Trichomonas vaginalis (trichomoniasis)

Trichomonas vaginalis is a sexually transmitted disease (STD), although transmission by other routes (such as soiled towels) has been documented. There is no cyst in the life cycle, so transmission is via the trophozoite stage only. Most people infected with trichomoniasis are asymptomatic. It is one of the most frequent sexually transmitted diseases in man. 30 to 50 % of all women in western countries may be infected. In males the infection normally does not lead to any symptoms, while in females this may lead to an increased secretion, characterized by a white discharge from the genital tract and itching. Diagnosis depends on finding trophozoites in secretions of the genital tract from men or women. In cases where the numbers of organisms are very low, the trophozoites can be cultured to increase their numbers.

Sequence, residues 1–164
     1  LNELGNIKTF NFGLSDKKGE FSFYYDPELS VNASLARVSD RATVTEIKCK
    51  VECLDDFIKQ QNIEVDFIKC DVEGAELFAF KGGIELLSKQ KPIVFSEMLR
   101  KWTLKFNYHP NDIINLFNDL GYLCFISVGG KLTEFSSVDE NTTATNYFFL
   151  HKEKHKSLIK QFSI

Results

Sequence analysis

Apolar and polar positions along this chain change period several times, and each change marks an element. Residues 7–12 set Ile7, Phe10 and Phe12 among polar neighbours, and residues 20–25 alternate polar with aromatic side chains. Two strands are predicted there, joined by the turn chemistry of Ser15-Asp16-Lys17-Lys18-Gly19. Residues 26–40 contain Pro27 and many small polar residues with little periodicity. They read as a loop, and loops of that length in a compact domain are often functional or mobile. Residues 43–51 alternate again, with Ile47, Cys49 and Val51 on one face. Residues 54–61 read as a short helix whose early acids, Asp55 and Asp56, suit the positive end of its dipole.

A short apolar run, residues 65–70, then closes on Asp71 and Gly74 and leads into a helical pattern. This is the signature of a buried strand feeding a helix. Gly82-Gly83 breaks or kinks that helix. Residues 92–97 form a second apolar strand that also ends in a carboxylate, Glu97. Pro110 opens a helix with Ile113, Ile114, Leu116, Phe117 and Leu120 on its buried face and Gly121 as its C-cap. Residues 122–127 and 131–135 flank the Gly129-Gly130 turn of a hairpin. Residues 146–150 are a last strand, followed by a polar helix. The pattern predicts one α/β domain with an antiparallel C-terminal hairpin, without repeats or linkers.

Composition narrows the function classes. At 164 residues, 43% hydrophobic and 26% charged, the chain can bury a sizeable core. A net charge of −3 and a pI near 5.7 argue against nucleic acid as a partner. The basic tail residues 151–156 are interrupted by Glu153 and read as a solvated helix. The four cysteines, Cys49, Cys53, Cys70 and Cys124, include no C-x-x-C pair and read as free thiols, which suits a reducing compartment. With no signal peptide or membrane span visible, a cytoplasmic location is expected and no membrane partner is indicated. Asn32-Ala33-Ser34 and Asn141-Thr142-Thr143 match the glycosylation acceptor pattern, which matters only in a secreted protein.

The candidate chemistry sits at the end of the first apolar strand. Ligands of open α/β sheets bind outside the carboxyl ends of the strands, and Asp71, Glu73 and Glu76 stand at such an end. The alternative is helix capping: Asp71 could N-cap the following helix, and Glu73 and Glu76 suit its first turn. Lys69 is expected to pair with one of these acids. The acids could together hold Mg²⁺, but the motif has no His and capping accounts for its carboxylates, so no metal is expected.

Light microscopic picture of Trichomonas vaginalis in culture  

Trichomonas vaginalis is a facultative anaerobic protozoan parasite that has no mitochondria or peroxisomes. Trichomoniasis is treated with metronidazole (Flagyl). The drug is reduced inside the parasite by the enzyme hydrogenase located in typical organelles called hydrogenosomes. When the drug reacts with traces of oxygen present in the organism it forms oxygen radicals that rapidly kill the parasite. Metronidazole is also used for the treatment of Giardia and Entamoeba infections and for infections by some anaerobic bacteria.
A trophozite of Trichomonas vaginalis from culture. The four flagella and single nucleus are visible. The dark median rod is the axostyle which is characteristic of the trichomonads; approximate size = 26 µm.